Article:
Raw oysters on the half shell in bordeaux

Fresh oysters at Le Noailles, a restaurant we chose for our one dinner in Bordeaux (a beautiful city where we enjoyed an overnight port call).

Sole meuniere in bordeaux

Sole Meuniére at Le Noailles, our dinner restaurant in Bordeaux. One of the best (if not THE BEST) version of this dish we’ve ever had.

Steamed artichoke in bordeaux

The giant “artichoke salad” I ordered at Le Noailles in Bordeaux. Big as your head! Served with traditional aïoli sauce.

Bouillabaisse aboard seabourn quest ship

Back aboard the Sojourn, I dove into this beautiful Bouillabaisse, made from the local fish we bought during our Market Tour with Seabourn chef Martin.

Three-minute boiled egg aboard seabourn quest ship

A gorgeous three-minute egg I enjoyed aboard the Sojourn during a sunny morning in Bordeaux. Look at that gorgeous saffron-colored yolk!

Fruit plate aboard seabourn quest ship

My fruit salad made a colorful photographic study when taken with my favorite Hipstamatic iPhone4 app.

Giant meringues in St. Malo


Giant meringues in a bakery window in St. Malo, France–the “Buccaneer City!”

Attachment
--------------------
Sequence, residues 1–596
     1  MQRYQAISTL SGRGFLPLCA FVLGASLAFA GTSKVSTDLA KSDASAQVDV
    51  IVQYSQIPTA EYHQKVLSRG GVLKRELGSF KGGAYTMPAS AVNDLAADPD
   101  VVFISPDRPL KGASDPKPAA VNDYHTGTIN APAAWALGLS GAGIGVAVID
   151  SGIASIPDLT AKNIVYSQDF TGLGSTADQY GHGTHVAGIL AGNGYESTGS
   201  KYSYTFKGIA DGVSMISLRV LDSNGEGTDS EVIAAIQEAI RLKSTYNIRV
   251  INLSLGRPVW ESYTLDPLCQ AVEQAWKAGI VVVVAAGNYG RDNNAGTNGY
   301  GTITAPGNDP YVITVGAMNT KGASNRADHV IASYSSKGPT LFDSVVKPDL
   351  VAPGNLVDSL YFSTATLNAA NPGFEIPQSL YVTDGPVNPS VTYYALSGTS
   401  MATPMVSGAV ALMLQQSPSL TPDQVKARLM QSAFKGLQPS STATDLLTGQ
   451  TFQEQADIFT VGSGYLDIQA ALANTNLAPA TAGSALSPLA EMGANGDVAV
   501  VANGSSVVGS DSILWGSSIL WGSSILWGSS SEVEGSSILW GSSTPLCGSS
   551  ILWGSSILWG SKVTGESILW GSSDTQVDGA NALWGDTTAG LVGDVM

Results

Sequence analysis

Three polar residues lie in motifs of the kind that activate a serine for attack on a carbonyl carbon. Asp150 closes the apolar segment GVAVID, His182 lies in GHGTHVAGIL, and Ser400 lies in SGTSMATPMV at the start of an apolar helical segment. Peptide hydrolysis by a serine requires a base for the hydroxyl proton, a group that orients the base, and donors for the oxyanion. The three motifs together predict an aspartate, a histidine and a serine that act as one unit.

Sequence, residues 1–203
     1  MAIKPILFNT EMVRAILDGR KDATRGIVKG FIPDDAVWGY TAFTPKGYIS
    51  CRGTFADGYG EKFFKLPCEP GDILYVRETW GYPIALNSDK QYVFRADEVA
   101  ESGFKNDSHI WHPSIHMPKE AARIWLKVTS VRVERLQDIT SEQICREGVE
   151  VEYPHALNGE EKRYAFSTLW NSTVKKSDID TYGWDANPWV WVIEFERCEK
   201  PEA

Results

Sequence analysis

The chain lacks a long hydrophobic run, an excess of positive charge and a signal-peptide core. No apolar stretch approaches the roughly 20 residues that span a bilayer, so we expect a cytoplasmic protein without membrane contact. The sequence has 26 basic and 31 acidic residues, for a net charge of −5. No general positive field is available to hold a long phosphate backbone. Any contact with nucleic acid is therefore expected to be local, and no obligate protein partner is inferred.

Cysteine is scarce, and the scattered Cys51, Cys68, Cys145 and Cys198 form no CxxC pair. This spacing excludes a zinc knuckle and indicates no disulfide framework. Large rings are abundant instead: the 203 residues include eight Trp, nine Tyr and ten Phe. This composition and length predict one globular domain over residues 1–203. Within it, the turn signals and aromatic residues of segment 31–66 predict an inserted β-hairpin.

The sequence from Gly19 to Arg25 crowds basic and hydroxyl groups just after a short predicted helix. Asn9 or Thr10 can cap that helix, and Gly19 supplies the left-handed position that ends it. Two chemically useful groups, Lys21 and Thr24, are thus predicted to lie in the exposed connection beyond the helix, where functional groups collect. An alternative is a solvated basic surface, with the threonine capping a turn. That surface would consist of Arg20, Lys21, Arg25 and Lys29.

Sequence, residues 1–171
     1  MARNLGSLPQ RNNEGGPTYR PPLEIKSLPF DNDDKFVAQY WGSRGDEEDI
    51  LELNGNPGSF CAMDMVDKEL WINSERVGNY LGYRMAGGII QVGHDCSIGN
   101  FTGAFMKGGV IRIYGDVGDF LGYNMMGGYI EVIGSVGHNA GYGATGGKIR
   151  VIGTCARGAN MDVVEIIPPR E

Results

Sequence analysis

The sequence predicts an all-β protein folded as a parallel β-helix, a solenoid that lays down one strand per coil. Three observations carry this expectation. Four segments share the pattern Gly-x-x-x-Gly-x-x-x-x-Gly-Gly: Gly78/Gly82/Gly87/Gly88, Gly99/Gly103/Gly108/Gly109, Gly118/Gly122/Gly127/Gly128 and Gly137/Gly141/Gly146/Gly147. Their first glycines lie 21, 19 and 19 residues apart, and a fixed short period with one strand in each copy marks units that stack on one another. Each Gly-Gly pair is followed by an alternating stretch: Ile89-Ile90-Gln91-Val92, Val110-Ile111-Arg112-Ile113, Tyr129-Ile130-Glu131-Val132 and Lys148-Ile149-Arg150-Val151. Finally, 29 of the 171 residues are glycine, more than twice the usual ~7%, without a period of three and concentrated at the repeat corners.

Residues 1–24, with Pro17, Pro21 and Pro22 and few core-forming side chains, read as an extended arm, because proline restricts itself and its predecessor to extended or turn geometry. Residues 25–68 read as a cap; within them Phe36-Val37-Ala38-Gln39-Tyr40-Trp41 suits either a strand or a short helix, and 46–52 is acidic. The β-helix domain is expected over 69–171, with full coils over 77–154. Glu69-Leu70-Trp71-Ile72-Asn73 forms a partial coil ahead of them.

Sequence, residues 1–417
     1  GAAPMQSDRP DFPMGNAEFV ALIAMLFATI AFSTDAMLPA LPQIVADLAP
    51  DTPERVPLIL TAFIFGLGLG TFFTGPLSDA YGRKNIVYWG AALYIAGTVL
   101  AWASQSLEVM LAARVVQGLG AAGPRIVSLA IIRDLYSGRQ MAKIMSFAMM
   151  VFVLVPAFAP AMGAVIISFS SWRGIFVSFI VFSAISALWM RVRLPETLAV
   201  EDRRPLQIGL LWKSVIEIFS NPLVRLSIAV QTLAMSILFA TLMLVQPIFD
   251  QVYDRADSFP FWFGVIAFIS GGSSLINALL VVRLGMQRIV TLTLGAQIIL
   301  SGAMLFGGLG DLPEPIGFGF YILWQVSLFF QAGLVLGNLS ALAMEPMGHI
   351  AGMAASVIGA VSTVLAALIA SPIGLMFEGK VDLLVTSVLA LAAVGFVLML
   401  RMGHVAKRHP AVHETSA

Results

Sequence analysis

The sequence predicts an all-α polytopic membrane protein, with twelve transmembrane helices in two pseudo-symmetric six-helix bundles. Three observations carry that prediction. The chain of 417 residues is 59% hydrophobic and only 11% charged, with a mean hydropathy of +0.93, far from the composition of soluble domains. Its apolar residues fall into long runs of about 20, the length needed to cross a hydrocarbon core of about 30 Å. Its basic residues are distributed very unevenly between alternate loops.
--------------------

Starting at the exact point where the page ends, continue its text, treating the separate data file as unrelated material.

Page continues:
Fresh seafood display in St. Malo

Gorgeous seafood displays at a restaurant in St. Malo.

Fresh lobster in Guernsey

Grilled lobster and boiled potatoes (local specialties) in Guernsey, England.

Macaron ice-cream sandwiches in Rouen, France

Macaron “ice-cream sandwiches” in Rouen, France.

French fries in Bruges, Belgium

Frites with mayonnaise, our well-deserved lunch after a busy day of sightseeing in Bruges, Belgium.

Steamed mussels in London, England

Back on shore during our three days in London post-cruise, we enjoyed steamed mussels at Wright Brothers, a well-known seafood restaurant in London.

Spinach soufflé at Langans Brasserie, London, England

The beautiful Spinach Soufflé I enjoyed during our last dinner of the 18-day trip. . .at Langan’s Brasserie, partly owned by actor Michael Caine, in the Mayfair section of London.